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Girls and the City by Manreet Sodhi Someshwar

Publisher: HarperCollins India
Pages: 360
Price: Rs. 399 INR(Paperback), Rs. 240 INR(Kindle Edition)
ISBN: 978–9353579432
Buy here: https://amzn.to/2IdbaSl

My take on the book:

Leela Lakshmi, Reshma Talwar, Juhi Jha are consultants hired from different firms to work on a project for Royal Foods, Bengaluru to revamp their sales. Leela is a single mother to a four-year-old Nayanika(Nani) who rented part of Mrs Rao’s bungalow. Juhi has moved to the city from Unnao, Kanpur on her first job, so did Reshma who was away from home for the first time. Kieren a senior executive from the US, originally from India, leads this team.

As the city receives very heavy rainfall and unexpected flooding, there is a dead body found. Police start investigating the death to ascertain if it is an accidental death or a murder. Who actually passed away on that uneventful night and what caused it forms the rest of the story.

The story starts with Mrs Rao noticing some commotion outside her house as the city submerges in rain and floods and probably someone’s death amidst this chaos, and then story moves into a flashback as events from the past six months start unfolding. The suspense is well maintained till the end as the identity of the dead person is kept under wraps. The three young women have their own secrets and demons from past which they try to leave behind to pursue their careers. However, as highlighted by the conversations during the interrogation, everyone who knew these women only pass judgement and their regressive comments.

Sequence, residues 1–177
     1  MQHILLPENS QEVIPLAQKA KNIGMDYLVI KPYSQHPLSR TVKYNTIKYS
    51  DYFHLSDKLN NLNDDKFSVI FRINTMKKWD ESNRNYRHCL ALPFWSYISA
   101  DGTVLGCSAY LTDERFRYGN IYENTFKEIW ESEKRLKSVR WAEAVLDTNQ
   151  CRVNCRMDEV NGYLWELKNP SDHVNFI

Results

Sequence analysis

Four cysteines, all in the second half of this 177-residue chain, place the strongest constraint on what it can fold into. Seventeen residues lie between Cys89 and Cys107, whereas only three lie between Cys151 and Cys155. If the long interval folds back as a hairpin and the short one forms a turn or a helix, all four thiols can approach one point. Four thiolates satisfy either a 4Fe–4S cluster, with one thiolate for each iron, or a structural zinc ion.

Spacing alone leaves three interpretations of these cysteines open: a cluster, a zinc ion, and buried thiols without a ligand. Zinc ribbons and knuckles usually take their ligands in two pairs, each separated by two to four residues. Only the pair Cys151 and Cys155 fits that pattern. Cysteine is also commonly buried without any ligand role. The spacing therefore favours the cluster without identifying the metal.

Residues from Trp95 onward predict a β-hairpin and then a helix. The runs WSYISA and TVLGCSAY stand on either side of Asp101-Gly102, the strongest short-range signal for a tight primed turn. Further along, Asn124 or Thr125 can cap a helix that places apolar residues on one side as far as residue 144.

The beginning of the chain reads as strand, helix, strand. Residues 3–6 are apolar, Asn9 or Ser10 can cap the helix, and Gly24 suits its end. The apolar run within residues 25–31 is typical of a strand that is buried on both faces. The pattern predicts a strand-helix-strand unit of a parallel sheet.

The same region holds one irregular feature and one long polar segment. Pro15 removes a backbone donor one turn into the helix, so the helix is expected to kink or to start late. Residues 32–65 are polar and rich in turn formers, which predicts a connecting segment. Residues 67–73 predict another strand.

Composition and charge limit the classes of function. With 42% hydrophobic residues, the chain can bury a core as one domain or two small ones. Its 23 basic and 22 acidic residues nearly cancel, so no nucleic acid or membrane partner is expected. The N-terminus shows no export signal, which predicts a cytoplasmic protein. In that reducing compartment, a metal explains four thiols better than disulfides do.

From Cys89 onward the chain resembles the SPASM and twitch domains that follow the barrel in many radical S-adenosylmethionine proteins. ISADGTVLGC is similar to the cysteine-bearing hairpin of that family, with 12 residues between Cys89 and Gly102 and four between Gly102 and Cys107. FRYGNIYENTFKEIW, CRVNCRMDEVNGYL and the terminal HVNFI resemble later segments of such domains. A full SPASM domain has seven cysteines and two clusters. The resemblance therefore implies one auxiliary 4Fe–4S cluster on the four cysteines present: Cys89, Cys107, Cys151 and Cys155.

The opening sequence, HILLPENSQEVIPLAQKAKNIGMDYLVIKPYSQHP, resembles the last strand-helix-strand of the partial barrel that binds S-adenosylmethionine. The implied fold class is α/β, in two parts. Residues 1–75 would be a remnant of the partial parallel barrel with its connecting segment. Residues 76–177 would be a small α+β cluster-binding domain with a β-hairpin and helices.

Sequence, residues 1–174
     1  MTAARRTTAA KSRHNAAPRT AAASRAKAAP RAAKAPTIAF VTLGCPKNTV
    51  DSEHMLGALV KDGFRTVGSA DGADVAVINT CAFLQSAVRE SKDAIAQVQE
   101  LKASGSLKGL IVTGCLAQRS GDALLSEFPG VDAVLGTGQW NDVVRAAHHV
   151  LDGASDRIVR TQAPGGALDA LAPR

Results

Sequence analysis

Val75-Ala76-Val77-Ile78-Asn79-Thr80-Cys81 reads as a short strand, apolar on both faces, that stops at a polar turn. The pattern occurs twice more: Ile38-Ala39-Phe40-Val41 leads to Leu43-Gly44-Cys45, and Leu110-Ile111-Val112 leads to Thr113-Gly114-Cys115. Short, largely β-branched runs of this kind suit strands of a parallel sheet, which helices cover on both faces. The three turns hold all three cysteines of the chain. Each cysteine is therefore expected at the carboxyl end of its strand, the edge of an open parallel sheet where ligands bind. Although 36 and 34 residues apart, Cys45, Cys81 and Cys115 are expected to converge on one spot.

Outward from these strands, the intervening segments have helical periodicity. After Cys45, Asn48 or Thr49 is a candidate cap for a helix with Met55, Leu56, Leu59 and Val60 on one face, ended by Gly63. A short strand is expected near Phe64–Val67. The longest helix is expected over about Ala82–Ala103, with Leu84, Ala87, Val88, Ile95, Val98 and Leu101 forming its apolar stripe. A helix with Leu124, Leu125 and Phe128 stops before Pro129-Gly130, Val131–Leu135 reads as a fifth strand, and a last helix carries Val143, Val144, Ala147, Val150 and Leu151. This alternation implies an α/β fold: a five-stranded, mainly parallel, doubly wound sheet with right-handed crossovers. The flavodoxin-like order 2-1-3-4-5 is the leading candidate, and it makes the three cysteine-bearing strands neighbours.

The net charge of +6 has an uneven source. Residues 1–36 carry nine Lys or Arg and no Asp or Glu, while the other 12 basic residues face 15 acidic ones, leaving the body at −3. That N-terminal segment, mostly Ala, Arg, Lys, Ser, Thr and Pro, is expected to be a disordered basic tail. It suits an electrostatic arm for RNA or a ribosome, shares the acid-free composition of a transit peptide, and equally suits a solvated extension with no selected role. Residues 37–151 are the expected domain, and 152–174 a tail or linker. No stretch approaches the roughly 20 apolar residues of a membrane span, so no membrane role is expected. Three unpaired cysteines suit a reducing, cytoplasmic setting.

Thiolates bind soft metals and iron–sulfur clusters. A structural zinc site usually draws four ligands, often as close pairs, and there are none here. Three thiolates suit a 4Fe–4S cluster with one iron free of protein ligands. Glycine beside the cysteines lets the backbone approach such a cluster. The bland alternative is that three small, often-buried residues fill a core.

Through the protagonists, the author highlights the impression society has towards independent, working women, even in metro cities. The story also portrays the corporate work culture very realistically — the work pressure, peer attitude, the perks and the ugly side of success. The practical issues faced by single mothers, harassment faced by young women are sensibly showcased — without dramatizing or getting preachy. I also liked how author showed distinction between the male and female characters — even though hard working and equally talented, the women protagonists lacked the confidence to take lead at work.

Juhi, Leela and Reshma all of them have equal footage in the story; the cover design is apt and impressive. Bengaluru is not just a backdrop for the story, the city plays a parallel character all through. The narration style is impeccable though the middle portion drags a bit. 

Contemporary, realistic, hard-hitting — Girls and the City is an urban saga with a good mix of entertainment and suspense. 

My rating:


This review is part of the Blogchatter Book Review Program. https://www.theblogchatter.com/book-review-program-from-blogchatter